Want to invite more fraud while also frustrating the heck out of your customers? Make it easy to access your digital services by requiring only a simple password. Users will despise it, especially if your password requirements are simple, say, like 3-5 characters. To make it even easier, just advise customers to use their birthdate or Social Security number as their password.

First off, you’ll infuriate your customers, since we know that customers hate passwords. If you’re truly trying to ruin your business, this is a great angle. Consider these insights from a study that Prove conducted about password and authentication consumer trends:

  • The speed and convenience of the customer experience during the sign-up process for new financial services & products, like credit cards, bank accounts, or cryptocurrency accounts, is deemed somewhat or very important by 69% of Americans.
  • For 44% of respondents, the ability to open or use an account through their mobile phone or device significantly influences their decision when completing an online account application.
  • In the metaverse, 38% of individuals prefer authenticating their identity through phone signals, surpassing other methods such as passwords (30%), SMS text codes (13%), and biometric authentication (9%).

Clearly, requiring a password alone will be enough to annoy your customers. Add to that the fact that weak password requirements will offer hardly any defense against fraud, and you have a perfect recipe for disaster.

What will happen is that customers will have a password that is easy to remember, which will enable them to quickly engage with you; fast access = more transactions (at least that’s what the math tells us). At the same time, scammers will face the embarrassingly easy challenge of cracking a password with the most rudimentary of tools. For those who like to use social engineering, an easy, short password will be like kid’s play to fraudsters with even the most basic of skills.

Now, some of your competitors want to waste time stopping fraud, so they’ll use multi-factor authentication (MFA), one-time passcodes (OTP), knowledge-based authentication (KBA), and other forms of layered validation and authentication. The most sophisticated competitors will actually even skip passwords altogether with a passwordless solution that is actually designed to leverage advanced identity authentication solutions by using deterministic authentication through mobile devices. By utilizing a cryptographic key, like a SIM card embedded in a mobile device, this method eliminates the need for passwords.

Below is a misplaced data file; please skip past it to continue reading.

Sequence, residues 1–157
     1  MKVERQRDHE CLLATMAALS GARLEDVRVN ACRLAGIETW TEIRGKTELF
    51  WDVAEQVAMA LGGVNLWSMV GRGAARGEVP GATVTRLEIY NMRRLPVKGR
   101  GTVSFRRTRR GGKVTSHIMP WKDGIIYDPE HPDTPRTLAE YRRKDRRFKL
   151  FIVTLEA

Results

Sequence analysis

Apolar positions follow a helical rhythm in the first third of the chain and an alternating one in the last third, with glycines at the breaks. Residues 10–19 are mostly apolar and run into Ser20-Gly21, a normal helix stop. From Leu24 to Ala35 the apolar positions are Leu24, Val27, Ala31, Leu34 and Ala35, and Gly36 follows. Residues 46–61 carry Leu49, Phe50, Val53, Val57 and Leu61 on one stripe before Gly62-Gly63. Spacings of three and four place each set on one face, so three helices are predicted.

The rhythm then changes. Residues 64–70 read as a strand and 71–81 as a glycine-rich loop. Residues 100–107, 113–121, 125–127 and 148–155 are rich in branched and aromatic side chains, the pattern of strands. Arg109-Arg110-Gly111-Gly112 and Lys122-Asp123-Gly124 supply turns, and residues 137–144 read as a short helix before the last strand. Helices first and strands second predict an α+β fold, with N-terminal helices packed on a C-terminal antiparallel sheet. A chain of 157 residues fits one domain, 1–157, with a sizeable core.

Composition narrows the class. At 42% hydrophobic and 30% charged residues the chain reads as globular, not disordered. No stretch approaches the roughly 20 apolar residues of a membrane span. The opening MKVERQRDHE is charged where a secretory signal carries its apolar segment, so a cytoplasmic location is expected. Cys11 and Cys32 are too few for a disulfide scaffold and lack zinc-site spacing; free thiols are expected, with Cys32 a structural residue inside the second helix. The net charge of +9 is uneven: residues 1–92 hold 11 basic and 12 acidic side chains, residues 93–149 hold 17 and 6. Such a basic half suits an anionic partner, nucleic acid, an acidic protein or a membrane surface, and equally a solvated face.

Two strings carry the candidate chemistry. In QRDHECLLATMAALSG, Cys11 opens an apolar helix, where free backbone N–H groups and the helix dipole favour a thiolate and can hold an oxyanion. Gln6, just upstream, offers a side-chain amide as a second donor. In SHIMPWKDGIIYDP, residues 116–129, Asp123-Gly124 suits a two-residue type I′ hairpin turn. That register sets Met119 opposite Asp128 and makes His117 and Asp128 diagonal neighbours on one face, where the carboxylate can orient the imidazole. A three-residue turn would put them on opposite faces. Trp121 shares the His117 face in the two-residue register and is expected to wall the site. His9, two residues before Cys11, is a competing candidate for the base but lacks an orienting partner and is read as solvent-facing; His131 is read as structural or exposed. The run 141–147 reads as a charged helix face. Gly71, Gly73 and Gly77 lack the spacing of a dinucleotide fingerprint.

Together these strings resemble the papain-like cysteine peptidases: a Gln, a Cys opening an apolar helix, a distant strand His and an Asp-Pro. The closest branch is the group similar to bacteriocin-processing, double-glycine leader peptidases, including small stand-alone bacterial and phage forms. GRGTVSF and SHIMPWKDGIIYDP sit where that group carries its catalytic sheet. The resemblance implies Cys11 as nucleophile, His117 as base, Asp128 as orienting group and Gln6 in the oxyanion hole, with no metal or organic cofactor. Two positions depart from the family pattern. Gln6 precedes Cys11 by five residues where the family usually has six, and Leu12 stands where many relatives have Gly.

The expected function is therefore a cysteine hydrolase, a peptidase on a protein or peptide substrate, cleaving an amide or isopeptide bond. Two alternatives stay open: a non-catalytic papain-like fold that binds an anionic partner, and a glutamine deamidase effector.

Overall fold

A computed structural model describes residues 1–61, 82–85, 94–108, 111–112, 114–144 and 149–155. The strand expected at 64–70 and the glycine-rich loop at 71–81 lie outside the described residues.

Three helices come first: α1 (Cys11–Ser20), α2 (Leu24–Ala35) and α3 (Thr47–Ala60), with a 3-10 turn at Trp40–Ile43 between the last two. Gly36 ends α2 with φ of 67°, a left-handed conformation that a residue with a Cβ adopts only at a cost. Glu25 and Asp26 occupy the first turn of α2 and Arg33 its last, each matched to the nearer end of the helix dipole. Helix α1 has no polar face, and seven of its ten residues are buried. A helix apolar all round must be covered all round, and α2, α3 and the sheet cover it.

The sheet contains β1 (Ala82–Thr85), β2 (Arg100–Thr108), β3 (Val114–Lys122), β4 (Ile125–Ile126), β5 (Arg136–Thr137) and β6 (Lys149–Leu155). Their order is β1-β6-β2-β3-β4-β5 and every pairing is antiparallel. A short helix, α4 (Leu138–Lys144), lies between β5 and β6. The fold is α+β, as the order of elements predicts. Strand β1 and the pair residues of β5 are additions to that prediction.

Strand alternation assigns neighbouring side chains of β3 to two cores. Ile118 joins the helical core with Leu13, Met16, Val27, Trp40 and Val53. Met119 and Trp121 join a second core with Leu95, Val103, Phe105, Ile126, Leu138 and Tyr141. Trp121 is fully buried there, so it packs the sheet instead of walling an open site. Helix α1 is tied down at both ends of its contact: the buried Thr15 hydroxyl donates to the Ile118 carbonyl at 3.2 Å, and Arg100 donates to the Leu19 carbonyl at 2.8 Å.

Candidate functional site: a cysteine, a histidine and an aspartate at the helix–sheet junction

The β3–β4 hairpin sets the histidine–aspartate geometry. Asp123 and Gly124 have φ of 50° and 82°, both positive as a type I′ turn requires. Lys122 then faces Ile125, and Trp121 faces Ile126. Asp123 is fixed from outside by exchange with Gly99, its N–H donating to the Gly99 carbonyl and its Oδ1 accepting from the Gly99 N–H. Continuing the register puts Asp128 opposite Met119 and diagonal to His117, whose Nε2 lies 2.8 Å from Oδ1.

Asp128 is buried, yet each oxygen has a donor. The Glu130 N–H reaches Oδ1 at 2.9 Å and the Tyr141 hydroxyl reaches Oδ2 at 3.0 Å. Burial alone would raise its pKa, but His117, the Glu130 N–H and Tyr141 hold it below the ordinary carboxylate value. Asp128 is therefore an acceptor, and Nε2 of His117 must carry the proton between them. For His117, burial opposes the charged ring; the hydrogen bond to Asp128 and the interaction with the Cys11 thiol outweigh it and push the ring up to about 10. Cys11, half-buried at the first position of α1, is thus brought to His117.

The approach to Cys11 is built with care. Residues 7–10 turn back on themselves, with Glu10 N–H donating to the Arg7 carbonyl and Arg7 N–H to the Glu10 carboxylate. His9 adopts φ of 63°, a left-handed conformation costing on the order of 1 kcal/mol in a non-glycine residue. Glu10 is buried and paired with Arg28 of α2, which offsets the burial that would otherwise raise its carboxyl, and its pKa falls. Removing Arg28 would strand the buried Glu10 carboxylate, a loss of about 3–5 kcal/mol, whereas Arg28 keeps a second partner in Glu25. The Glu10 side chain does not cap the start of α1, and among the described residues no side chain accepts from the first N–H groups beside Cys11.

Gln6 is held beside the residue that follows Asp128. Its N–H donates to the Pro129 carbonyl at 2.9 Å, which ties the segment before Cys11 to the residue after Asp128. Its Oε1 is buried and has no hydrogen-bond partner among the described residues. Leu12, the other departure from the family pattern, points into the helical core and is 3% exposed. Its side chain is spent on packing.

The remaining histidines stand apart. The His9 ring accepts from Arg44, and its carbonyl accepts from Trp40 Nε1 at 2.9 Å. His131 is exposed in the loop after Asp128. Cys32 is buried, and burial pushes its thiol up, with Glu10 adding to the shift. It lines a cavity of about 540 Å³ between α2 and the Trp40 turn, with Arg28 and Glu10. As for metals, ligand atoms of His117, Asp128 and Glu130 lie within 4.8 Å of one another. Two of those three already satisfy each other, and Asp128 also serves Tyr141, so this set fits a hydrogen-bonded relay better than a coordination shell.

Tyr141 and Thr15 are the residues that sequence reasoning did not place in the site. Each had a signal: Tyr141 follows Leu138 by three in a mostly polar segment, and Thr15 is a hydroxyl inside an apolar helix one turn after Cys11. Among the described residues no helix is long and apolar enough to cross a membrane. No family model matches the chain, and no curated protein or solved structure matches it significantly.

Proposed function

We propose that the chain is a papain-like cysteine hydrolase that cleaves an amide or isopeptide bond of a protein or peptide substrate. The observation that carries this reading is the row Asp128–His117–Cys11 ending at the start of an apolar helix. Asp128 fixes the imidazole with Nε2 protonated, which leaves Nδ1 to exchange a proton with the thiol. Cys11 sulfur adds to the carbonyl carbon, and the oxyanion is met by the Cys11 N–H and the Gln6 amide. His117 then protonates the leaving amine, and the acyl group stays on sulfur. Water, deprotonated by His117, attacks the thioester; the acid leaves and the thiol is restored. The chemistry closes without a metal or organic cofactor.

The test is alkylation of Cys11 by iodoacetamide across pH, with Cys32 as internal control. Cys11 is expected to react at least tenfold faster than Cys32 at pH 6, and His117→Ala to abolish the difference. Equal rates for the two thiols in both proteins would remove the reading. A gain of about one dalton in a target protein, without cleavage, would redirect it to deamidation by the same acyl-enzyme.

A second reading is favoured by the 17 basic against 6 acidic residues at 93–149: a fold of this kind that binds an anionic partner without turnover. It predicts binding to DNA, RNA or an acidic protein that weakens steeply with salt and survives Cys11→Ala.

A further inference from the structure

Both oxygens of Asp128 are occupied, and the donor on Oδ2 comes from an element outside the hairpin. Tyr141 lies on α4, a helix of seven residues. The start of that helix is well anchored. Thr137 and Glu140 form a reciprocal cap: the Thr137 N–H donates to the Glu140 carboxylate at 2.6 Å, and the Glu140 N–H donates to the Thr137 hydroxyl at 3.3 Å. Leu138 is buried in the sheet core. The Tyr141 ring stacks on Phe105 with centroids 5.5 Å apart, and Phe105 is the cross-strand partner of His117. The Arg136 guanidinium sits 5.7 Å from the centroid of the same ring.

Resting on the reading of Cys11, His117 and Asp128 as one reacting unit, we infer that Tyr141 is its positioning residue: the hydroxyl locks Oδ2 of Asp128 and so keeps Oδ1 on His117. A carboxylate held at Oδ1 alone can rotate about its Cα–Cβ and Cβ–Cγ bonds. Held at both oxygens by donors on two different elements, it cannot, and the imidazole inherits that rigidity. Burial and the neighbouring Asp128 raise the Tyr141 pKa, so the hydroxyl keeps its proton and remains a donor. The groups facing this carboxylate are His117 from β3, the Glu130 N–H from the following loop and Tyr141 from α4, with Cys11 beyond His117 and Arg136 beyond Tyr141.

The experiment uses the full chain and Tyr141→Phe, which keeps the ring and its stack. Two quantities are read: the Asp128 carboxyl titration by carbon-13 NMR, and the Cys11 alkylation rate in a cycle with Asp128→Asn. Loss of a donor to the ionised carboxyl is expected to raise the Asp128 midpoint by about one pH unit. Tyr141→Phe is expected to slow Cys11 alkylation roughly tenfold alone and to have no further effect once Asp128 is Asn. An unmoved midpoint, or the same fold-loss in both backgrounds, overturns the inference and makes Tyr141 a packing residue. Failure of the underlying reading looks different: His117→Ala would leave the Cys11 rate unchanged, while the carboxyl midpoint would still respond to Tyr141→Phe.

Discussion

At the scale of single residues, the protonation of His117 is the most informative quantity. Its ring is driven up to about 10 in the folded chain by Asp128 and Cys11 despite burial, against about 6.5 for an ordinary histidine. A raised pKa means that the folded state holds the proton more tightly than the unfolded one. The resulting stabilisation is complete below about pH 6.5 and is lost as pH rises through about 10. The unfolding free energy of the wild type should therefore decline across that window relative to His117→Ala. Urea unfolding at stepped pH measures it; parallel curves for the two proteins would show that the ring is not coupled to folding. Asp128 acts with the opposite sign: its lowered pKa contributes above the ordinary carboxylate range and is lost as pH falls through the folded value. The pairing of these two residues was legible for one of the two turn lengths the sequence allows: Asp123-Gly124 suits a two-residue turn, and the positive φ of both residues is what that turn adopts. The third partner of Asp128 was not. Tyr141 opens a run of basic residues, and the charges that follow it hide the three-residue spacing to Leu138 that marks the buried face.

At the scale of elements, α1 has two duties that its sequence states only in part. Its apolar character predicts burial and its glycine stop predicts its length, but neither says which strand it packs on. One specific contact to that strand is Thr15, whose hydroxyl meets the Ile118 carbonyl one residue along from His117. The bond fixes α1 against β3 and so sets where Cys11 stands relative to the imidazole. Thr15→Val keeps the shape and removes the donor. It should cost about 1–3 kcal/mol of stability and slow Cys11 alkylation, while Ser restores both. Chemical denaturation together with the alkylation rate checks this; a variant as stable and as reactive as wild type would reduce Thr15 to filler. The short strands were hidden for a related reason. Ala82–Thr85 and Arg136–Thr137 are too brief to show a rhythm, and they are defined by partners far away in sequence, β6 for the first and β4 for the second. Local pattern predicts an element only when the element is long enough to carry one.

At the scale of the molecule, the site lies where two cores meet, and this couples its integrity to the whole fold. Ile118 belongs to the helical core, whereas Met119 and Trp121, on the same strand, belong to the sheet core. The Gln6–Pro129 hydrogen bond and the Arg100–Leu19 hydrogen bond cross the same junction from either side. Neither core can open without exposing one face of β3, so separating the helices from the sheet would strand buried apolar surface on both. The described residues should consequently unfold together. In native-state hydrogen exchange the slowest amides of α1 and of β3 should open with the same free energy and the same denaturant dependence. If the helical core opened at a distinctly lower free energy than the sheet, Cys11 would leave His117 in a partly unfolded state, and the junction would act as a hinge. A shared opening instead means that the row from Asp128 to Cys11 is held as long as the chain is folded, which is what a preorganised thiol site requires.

Okay, who even wants that? It sounds like it’s making just regular passwords look bad, and it’s toppling the cottage industries built around the mediocrity inherent in useless solutions like OTPs and MFA. If you’re trying to get more fraud, you definitely want to stay away from something like the Prove Auth® digital passwordless authentication solution. It exploits the widespread prevalence of mobile phones since just about every breathing human on the planet has one. This approach authenticates any device, anywhere, with methods such as app push notifications or biometrics.

So like, what, you’re going to streamline the login process, enhance user satisfaction, and eliminate fraud? Good luck, because then you’ll have zero drama and no crises to look forward to in 2024.

Step 3: Eliminate customer education about fraud


Look, we all spent plenty of years in school, so there is no reason to learn anything new. More knowledge and awareness just lead to more innovation, change, and improvement, and that’s not what you’re trying to accomplish.

Pretend that your customers aren’t smart. Feed them endless emails and texts to remind them to buy, buy, buy. DO NOT recommend changing passwords or adding MFA. And most certainly do not try to educate them about things like phishing, smishing, or any other type of ‘ishing. 

Here’s a quick and dirty checklist for how to reduce awareness and keep customers as ignorant as possible:

  • Demand zero effort from customers. Much like the parking lot attendants who took care of Cameron’s dad’s Ferrari (Cameron was Ferris Bueller’s best friend if you haven’t figured it out by now; and if you’re too young for the reference, it’s high time you learned it), assure your customers not to worry, that everything will be fine. Do nothing to treat the relationship between them and your company as a partnership, and encourage them to have blind faith in your efforts, of which we know, there will be none.
  • Keep customers in the dark. Should a breach happen, and if you follow the guidelines in this blog I guarantee it will, do not let your customers know. Once a breach occurs, the best way for it to cascade into more and more waves of fraud is for your customers to do nothing. Do not send them an email, do not provide them with a prescription for how to fortify their accounts, and do not recommend that they update their customer profiles. As a general rule of thumb, act like you’re not even aware that there’s a problem to begin with. What could be easier than that?